How Grey Whales Survived the Ice Age

Hey everyone, sorry I haven’t been on here in a while.

It seems as though my last semester of my Undergrad is keeping me VERY VERY busy. I haven’t forgotten about you though..I miss updating as much as I used to over the summer.

Well here is an interesting story I wanted to share dealing with Grey Whales.

Currently- Grey Whales feed on the seafloor at depths around 50 meters, and they rely heavily on Alaska’s Bering Sea shallow regions for food. But when researchers from the Smithsonian Institution in Washington DC modelled the Pacific feeding growunds of the whales during peak glaciation, they found that very little of the north Paicific was shallow enough for the whales to feed. The ocean levels were up to 120 meters lower than today and the Bering Sea was just a land bridge.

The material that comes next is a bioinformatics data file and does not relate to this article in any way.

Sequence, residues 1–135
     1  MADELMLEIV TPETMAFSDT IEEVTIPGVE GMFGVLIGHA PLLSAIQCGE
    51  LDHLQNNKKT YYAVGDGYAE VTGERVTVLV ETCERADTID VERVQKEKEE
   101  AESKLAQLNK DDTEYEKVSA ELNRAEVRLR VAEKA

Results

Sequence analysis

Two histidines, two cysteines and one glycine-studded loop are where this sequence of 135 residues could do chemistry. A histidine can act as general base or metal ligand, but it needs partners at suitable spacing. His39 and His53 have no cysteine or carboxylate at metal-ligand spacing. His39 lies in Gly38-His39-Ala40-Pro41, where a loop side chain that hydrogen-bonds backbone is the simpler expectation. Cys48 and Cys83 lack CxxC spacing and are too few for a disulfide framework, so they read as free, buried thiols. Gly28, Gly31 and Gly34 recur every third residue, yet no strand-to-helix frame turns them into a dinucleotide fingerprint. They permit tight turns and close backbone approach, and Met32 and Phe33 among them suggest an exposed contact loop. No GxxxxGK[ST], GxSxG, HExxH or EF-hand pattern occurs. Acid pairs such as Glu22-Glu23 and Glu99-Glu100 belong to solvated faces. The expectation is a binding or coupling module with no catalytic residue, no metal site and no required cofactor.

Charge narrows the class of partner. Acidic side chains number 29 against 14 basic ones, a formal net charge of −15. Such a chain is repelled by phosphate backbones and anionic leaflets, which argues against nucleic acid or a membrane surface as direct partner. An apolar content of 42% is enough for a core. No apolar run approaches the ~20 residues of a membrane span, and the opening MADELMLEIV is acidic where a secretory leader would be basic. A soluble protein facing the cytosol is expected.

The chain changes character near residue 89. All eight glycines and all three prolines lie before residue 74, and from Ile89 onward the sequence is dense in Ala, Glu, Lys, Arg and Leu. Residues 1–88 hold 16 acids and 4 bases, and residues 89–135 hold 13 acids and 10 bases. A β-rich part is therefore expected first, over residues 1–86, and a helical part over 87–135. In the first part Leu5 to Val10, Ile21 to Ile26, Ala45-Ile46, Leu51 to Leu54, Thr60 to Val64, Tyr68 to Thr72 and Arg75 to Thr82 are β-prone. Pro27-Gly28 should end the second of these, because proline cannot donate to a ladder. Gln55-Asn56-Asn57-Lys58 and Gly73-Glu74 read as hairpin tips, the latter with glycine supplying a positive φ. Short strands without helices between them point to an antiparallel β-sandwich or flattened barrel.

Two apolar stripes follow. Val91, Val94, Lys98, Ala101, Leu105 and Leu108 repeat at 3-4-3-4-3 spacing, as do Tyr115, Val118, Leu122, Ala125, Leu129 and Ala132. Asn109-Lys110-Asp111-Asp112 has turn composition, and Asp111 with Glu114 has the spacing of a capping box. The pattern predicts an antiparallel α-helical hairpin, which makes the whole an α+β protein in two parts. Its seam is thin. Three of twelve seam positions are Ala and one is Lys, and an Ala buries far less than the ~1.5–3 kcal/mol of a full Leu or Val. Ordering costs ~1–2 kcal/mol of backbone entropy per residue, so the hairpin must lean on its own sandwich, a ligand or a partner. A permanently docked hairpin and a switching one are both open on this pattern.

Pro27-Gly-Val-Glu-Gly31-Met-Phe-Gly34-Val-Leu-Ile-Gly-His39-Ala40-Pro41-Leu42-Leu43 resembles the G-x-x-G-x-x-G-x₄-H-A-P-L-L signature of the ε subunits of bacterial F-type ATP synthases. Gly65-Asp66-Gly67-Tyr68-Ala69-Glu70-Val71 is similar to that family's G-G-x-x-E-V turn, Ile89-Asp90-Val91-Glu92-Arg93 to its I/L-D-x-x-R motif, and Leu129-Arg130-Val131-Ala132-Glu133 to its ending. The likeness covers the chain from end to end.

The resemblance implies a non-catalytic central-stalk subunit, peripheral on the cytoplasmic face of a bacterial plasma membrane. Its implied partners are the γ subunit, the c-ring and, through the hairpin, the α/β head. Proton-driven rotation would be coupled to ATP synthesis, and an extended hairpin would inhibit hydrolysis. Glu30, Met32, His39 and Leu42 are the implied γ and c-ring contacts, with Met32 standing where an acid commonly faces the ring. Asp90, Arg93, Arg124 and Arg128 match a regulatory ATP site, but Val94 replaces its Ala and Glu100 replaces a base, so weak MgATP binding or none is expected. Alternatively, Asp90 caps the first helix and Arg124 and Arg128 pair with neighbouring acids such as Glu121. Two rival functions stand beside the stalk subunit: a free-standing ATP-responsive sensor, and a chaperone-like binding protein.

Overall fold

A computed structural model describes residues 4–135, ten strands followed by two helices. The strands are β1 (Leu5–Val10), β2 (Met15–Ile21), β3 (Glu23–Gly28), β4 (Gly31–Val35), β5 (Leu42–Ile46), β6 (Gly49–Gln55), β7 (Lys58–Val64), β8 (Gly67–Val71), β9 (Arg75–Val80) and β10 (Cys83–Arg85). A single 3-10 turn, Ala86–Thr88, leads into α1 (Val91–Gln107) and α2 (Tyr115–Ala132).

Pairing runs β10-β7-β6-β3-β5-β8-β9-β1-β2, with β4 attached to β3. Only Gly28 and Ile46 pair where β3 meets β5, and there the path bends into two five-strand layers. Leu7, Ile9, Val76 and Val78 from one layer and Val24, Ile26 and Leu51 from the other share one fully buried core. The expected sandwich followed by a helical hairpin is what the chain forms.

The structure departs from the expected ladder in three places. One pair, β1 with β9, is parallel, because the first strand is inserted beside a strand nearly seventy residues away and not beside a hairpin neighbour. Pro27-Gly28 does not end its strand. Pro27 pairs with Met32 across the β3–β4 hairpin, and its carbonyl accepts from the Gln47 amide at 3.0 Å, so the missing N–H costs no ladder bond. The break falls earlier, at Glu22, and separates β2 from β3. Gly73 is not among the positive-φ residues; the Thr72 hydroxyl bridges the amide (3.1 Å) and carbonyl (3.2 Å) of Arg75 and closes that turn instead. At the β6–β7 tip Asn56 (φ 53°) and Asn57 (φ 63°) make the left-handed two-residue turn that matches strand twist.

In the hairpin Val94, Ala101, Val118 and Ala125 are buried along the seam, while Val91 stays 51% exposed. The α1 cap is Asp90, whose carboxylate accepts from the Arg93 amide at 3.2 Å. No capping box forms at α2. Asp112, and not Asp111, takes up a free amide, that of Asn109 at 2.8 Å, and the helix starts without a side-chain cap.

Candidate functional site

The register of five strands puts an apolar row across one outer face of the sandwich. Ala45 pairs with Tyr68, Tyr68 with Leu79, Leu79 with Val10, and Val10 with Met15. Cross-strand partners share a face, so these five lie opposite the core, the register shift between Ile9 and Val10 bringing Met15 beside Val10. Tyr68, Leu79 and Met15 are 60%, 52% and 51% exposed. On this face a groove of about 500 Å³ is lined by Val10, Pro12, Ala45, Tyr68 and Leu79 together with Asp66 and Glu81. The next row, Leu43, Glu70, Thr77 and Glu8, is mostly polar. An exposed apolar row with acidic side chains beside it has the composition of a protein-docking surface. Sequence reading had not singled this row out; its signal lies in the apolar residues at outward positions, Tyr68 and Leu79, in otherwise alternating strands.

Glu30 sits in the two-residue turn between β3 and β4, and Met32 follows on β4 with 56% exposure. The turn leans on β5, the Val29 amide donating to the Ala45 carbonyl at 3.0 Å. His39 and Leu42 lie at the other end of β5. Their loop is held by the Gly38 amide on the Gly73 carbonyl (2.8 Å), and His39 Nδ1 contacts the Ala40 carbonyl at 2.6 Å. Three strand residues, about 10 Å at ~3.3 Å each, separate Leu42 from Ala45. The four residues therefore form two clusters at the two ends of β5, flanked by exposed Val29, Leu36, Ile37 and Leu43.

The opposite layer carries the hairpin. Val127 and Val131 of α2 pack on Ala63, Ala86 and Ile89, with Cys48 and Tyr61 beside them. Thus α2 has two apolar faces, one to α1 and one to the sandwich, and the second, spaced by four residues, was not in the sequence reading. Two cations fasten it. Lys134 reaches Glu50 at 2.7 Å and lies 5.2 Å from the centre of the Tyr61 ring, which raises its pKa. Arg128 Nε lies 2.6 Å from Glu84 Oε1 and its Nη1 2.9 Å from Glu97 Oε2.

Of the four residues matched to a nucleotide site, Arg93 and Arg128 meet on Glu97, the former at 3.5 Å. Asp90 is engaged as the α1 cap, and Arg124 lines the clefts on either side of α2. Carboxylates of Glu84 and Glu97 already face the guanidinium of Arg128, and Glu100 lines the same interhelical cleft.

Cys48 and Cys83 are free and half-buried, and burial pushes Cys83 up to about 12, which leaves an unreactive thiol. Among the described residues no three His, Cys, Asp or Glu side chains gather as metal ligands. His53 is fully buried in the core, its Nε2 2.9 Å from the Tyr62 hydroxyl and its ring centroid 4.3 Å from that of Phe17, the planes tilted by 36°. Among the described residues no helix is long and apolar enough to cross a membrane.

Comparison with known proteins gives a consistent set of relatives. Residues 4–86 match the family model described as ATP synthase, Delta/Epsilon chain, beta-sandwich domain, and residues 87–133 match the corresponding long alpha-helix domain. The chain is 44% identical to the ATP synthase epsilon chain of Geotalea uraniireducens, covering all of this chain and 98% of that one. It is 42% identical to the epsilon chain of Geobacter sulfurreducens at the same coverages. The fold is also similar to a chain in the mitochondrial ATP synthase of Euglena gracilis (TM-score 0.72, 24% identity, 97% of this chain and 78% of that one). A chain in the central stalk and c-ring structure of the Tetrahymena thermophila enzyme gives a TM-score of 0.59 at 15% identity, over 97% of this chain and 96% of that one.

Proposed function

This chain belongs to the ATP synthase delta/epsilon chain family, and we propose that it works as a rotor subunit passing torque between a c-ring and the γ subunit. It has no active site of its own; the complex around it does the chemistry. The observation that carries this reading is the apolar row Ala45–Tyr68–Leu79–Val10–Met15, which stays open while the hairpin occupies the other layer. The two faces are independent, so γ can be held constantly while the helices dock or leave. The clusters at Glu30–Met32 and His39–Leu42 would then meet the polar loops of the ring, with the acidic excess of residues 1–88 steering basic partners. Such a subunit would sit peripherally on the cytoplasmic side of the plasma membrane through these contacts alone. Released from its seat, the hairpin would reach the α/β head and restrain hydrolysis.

Concluding- that the Northern feeding grounds might have only supported only a couple hundred whales- but genetic studies show no sign of a bottleneck at the time.

SOOooo that leads to the assumption that the whales shifted to open-water feeding to survive during the Ice Ages. This assumption comes from the idea comes from a small group of open-water feeders found living year-round in the Pacific northwest.

Researchers believe that after the Ice Age, the non-migratory whales would have been VERY easy targets for  early whalers, which could explain why the current non-migratory Grey Whales are not dominate, and the migratory Grey Whales are.

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3 Comments

  1. Thanks for this great post. I like the helpful information you provide in your articles. I will bookmark your blog and check again here regularly. I am quite certain I will learn a lot off new stuff right here! Good luck for the next!

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